Parking & Transportation Services at UC Irvine has earned the state’s most prestigious environmental honor – a 2008 Governor’s Environmental and Economic Leadership Award – for its efforts promoting green commuting and public transportation.
Gov. Arnold Schwarzenegger recognized UCI’s Sustainable Transportation program in the Climate Change category, which rewards innovative approaches to reducing greenhouse gas emissions and limiting adverse effects of climate change. The recognition was awarded on the strength of a variety of UCI programs, including public transportation incentives, energy-saving fluorescent lighting for parking structures, optimized traffic signal timing, carpools and car sharing, vanpools, biodiesel-powered shuttles, and improved pathways that help promote biking and walking.
UCI’s Sustainable Transportation program impacts are both significant and measurable: Its initiatives reduce greenhouse gas by 18,600 tons and save $21 million in fuel, vehicle and construction costs each year. They also cut about 40 million commuter travel miles annually.
Stacey Murren, Parking & Transportation Services director; Ron Fleming, associate director; and transportation coordinators Mike Davis, Ken Ezell and Antoinette Saenz of the Sustainable Transportation team discuss the award and their efforts to help keep UCI green.
Q: What does this award mean to you?
Davis: It’s rewarding to know we’re going in the right direction and our cutting-edge programs are making a difference. It encourages me to keep trying new things. The award is just a capstone of what’s been done here the past 20 years, thanks to Stacey and Ron.
Murren: We’re all optimists. If we weren’t, I don’t think we would have been able to achieve what we have. The end goal of saving the planet is really what we’re all about. Everything we do is focused on making the university and Southern California a better place.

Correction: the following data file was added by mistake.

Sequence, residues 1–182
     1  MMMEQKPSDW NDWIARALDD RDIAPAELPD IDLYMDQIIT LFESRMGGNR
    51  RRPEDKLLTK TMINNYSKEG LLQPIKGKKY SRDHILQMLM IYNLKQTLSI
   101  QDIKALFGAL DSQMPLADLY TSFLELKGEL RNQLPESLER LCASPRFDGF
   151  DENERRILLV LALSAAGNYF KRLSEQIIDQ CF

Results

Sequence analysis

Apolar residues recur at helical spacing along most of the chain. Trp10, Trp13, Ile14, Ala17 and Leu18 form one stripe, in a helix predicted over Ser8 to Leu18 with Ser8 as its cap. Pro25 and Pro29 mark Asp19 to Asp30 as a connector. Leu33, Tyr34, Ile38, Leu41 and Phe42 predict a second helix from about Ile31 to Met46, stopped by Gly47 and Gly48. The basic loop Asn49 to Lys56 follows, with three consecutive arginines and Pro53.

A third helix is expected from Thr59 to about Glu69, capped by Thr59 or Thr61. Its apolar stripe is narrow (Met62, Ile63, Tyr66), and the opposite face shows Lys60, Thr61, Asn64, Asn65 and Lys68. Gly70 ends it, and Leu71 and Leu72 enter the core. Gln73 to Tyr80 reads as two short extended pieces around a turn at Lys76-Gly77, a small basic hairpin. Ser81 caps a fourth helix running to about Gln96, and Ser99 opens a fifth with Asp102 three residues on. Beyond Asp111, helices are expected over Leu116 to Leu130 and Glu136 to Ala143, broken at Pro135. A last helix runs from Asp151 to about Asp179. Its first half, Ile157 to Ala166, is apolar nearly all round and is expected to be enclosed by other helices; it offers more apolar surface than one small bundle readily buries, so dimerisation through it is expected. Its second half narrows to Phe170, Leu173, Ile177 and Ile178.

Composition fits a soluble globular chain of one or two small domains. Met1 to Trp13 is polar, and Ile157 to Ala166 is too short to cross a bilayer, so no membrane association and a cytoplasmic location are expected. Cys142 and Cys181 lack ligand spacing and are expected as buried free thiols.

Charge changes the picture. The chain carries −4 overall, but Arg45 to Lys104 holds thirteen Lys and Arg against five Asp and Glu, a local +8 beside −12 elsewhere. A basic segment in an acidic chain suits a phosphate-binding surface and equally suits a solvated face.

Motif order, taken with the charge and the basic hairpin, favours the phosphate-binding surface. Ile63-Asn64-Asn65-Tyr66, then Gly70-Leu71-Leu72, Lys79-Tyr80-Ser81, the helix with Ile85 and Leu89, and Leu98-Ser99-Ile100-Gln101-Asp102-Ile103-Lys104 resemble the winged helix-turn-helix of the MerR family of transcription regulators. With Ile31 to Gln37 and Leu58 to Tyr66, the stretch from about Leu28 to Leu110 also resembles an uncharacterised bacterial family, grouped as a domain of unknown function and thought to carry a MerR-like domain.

Q: What are some of the approaches you’re taking to continue to focus on sustainability?
Ezell: A focal point in our department is partnering with other agencies like the South Coast Air Quality Management District, which helps our area improve its air. Going green can be a hard transition because there is financial obligation and sacrifice. But it is rewarding to change your mindset and work with a group like the AQMD; its goals benefit us all.
Murren: Our goal right now is status quo – we want to keep the number of vehicles the same, even as the campus population continues to grow in the future. We’re concentrating on finding alternative ways for people to come to campus with others instead of driving alone.
Q: The Sustainable Transportation program has had many successes. What are the accomplishments of which you’re particularly proud?
Fleming: For me, it was traffic signals. We went from four intersections with signals to eight in about a year. The four were all set to one timing sequence, even though it’s possible to program each to work on any number of schedules. We collaborated with the Institute of Transportation Studies, did our own analysis of the overall traffic plan, and adjusted the timing so that drivers can save a lot of time negotiating campus roadways. The new plan aims to limit car stops and starts, which cause emissions.
Saenz: The annual AQMD surveys tracking the average number of employees in each vehicle traveling to campus are my niche. I love getting out there, talking to my coordinators and getting everyone focused and in the right mindset to collect a lot of surveys.